"Sometimes the only power you have is to tell your story." -Evelyn Wilde

Wednesday, May 11, 2016

The Worst of the Worst

My worst day on the job could have been when I told my boss to go fuck himself and got escorted out of the building as a result. Or the day a pupil caught me kissing my boyfriend in the supply closet at the school where I worked. Those were days of scandal, caused entirely by my own impertinence.

No, the worst, most awful, regretful day was in my first year as a Special Education Teacher.

I had no proper training as an Elementary School Educator, but I did have a Bachelors degree and was willing to learn on the job so the District gave me one.

That job involved over 40 children a day, aged seven to twelve. A veritable sample menu of Special Needs-- from wheelchair bound to ASD (Autism Spectrum Disorder) to  BAK (Bad Ass Kid). The job mostly consisted of acronyms but I really wanted to teach those kids. I saw their potential and would cry at my desk in frustration because I couldn't reach all of them (*I was single, I had torn my ACL and was still living with my parents--the stress induced, cortisol driven, carb binges were all I had as comfort).

Needless to say, none of that was an excuse for what I said that day.


I was being mentored by my Principal and Assistant Principal  in a meeting with them both. They realized that I had been placed in a difficult position and wanted to offer me support and direction. I became overwhelmed, felt criticized and incompetent,  and I protested loudly " Look, I just don't know what I'm doing wrong. It's not like any of them are retarded!"

The word just hung around us for a few seconds until one of them moved the conversation on, mercifully.

A few weeks later at the School Fair the Assistant Principal and I ran into each other by the ring toss. She was with her daughter- a twelve year old girl with Down Syndrome. I don't know if she registered the shame on my face but with grace and compassion she smiled and introduced me.

I'm sure if you have had any day to day job for long enough you have had one, too. I bet Hillary Clinton has one. I bet it's "Benghazi!!" --as we have come to call whatever that day in Libya actually might have involved (like facts, different perspectives, other people's poor decisions) but for our purposes here we'll put it all on Hillary, just like Republicans.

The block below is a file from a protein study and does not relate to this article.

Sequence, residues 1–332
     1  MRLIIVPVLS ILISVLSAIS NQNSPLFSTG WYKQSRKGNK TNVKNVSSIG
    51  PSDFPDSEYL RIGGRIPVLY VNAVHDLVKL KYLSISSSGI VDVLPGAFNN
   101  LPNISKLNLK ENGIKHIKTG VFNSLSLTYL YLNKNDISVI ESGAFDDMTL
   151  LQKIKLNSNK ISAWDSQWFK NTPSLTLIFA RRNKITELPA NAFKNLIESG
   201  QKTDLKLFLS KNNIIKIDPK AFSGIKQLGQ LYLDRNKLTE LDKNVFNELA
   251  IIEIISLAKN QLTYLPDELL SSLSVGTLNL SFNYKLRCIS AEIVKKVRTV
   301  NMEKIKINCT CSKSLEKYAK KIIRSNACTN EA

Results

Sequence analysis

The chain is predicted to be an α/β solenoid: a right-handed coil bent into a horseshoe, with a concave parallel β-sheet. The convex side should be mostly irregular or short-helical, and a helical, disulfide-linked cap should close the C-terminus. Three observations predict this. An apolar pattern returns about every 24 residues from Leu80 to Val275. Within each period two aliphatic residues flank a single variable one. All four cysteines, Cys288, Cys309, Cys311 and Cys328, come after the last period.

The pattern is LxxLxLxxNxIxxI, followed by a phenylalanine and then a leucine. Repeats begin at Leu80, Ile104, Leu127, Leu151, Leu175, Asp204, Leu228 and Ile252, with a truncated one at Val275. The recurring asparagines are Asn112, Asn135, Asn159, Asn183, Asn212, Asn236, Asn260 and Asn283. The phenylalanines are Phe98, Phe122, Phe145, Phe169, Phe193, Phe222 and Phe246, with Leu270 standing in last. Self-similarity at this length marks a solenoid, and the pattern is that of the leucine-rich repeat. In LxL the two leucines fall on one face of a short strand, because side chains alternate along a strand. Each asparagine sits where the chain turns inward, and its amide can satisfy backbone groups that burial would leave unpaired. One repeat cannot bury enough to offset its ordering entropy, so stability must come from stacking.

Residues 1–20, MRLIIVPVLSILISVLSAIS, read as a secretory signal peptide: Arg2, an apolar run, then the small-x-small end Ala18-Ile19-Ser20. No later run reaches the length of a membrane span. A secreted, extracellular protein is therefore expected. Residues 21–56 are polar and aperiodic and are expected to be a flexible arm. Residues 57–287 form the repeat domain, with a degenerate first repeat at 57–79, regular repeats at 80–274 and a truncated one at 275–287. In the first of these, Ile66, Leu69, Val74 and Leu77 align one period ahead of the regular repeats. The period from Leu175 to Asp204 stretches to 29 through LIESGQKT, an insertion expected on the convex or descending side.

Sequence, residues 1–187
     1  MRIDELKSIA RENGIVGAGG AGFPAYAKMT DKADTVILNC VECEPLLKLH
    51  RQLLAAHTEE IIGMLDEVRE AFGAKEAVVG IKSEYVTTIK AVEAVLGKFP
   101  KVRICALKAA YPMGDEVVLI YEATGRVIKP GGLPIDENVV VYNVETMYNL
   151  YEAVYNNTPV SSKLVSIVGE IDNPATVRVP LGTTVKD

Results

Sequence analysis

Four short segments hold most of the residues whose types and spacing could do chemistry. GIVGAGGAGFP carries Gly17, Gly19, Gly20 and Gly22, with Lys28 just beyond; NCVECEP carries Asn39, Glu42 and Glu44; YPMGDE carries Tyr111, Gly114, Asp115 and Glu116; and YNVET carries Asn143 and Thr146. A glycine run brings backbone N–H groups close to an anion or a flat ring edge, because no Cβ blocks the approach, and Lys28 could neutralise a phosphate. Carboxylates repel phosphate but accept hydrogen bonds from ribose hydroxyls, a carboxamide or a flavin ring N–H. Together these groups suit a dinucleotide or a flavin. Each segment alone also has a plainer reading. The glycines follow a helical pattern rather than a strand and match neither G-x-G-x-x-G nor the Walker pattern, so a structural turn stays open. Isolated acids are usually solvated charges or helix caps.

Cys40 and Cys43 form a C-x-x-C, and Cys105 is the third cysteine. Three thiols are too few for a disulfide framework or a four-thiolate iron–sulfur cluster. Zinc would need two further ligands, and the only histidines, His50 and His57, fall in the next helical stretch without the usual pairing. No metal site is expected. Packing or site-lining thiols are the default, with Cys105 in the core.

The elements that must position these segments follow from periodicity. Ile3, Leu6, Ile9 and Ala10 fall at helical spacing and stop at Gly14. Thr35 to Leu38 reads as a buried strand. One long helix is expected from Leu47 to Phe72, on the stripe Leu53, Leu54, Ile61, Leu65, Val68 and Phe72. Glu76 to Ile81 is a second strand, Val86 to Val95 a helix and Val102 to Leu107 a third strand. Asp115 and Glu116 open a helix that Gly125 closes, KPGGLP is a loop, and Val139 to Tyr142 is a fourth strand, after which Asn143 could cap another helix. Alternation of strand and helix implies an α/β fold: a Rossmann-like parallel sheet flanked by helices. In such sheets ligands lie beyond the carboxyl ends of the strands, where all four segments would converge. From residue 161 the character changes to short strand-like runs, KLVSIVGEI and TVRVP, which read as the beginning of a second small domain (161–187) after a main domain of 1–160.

So I bet that day is one she regrets;  ruminates over at night when she can't sleep. The one you so wish you could get a do over for. Shit went wrong that day, no doubt. It was an awful day. Maybe her worst.


After I had my terrible day I went on to become a better teacher. I became Special Needs Program Coordinator and got a Masters Degree in Counselor Education. Sure, I've had ridiculously terrible days since; I've been fired, I've been angry and resentful, I've said things or sent emails that I regret, but nothing comes close to my most awful day.

The point is it didn't define me. It didn't inform the rest of my career. I was wrong and yet, because of it, I now choose my words with more sensitivity to others because I learned from my mistake.

I'm aware that my experience does not compare to the loss of life and destruction that was incurred that day in Benghazi. However, many of those who despise Secretary Clinton also favor Jesus as a personal hero. So I wonder-- when does she deserve forgiveness?

Listen, I'm an asshole, too, but none of us should be defined by our worst day if we actually learned from the failure. Even Politicians can try to become better people, right?

Tuesday, April 19, 2016

Hannah, Carrie, or Rachel?

Close your eyes for a moment and go back in time. Go back to a time when the NBA champions were the Chicago Bulls. When "Supermodels" were a thing. Rosanne was our favorite TV show. The Bodyguard and Aladdin were movies we paid cash money to see in a theatre. The Real World premiered on MTV and Amy Fisher shot that poor woman in the face.

1992 was the year Bill Clinton ran for President and I graduated High School.